Signs direct voters at the Kenai No. 3 precinct for Election Day on Tuesday, Oct. 5, 2021. (Camille Botello/Peninsula Clarion)
Local candidates report support from state PACs

Labor unions and the National Education Association are among the groups putting money into Kenai Peninsula state election races

Signs and examples on the recycling super sack at the Cook Inletkeeper Community Action Studio show which plastics are desired as part of the project in Soldotna, Alaska, on Aug. 11, 2022. Plastics from types 1, 2, 4 and 5 can be deposited.(Jake Dye/Peninsula Clarion)
Local nonprofit accepting plastics for synthetic lumber project

The super sack receptacles can be found on either side of Soldotna

This July 28, 2022, photo shows drag queen Dela Rosa performing in a mock election at Cafecito Bonito in Anchorage, Alaska, where people ranked the performances by drag performers. Several organizations are using different methods to teach Alaskans about ranked choice voting, which will be used in the upcoming special U.S. House election. (AP Photo/Mark Thiessen)
Groups get creative to help Alaska voters with ranked voting

Organizations have gotten creative in trying to help voters understand how to cast their ballot, as the mock election featuring drag performers shows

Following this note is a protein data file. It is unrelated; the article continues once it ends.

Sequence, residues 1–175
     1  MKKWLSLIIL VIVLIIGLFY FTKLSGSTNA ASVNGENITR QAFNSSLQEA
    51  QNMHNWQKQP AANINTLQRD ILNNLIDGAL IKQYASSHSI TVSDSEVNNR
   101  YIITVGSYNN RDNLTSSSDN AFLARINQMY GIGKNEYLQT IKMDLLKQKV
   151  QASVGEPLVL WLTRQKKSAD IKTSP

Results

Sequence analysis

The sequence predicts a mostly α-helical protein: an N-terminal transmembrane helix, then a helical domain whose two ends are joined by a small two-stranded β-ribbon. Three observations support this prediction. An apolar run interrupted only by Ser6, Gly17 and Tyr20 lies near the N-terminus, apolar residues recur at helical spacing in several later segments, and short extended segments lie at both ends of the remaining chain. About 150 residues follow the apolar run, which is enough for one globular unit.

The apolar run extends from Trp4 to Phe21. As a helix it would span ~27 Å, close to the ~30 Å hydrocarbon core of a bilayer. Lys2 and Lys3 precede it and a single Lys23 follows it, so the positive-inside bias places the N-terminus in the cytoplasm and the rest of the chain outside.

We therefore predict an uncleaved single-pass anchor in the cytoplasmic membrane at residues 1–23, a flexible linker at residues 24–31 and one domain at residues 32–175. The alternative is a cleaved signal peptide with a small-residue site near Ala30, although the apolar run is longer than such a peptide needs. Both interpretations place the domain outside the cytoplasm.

A school bus outside of Kenai Central High School advertises driver positions on Wednesday, Aug. 10, 2022, in Kenai, Alaska. (Ashlyn O’Hara/Peninsula Clarion)
Staff shortage, gas prices change school bus routes

The changes do not apply to the district’s special education students

The cast of “Tarzan” rides the Triumvirate Theatre float during the Independence Day parade in downtown Kenai, Alaska on Monday, July 4, 2022. (Camille Botello/Peninsula Clarion)
The show goes on as Triumvirate seeks funding for new theater

The troupe has staged shows and events and is looking to debut a documentary as it raise funds for new playhouse

Aaron Surma, the executive director for National Alliance on Mental Illness Juneau and the Juneau Suicide Prevention Coalition, leads a safety plan workshop Tuesday night hosted by NAMI and the Juneau Suicide Prevention Coalition. The workshop was a collaborative brainstorming session with Juneau residents about how to create a safety plan that people can use to help someone who is experiencing a mental health or suicide crisis. (Clarise Larson / Juneau Empire)
Study shows a rise in anxiety and depression among children in Alaska

Increase may indicate growing openness to discussing mental health, according to experts

Alaska Lieutenant Governor Kevin Meyer addresses election information and misinformation during a press conference on Wednesday, Aug. 10, 2022. (Screenshot)
With a week to go, officials work to clear up election confusion

Officials provided updated ballot statistics, fielded questions from reporters and clarified misconceptions about the current election cycle

COVID-19. (Image courtesy CDC)
State reports 21 new COVID deaths; cases down from last week

20 of the reported deaths took place from May to July

A closeup of one of the marijuana plants at Greatland Ganja in Kasilof, Alaska, as seen on March 19, 2019. (Photo by Brian Mazurek/Peninsula Clarion)
Assembly streamlines process for marijuana establishment license applications

License applications will now go straight to the Kenai Peninsula Borough Assembly for consideration

Most Read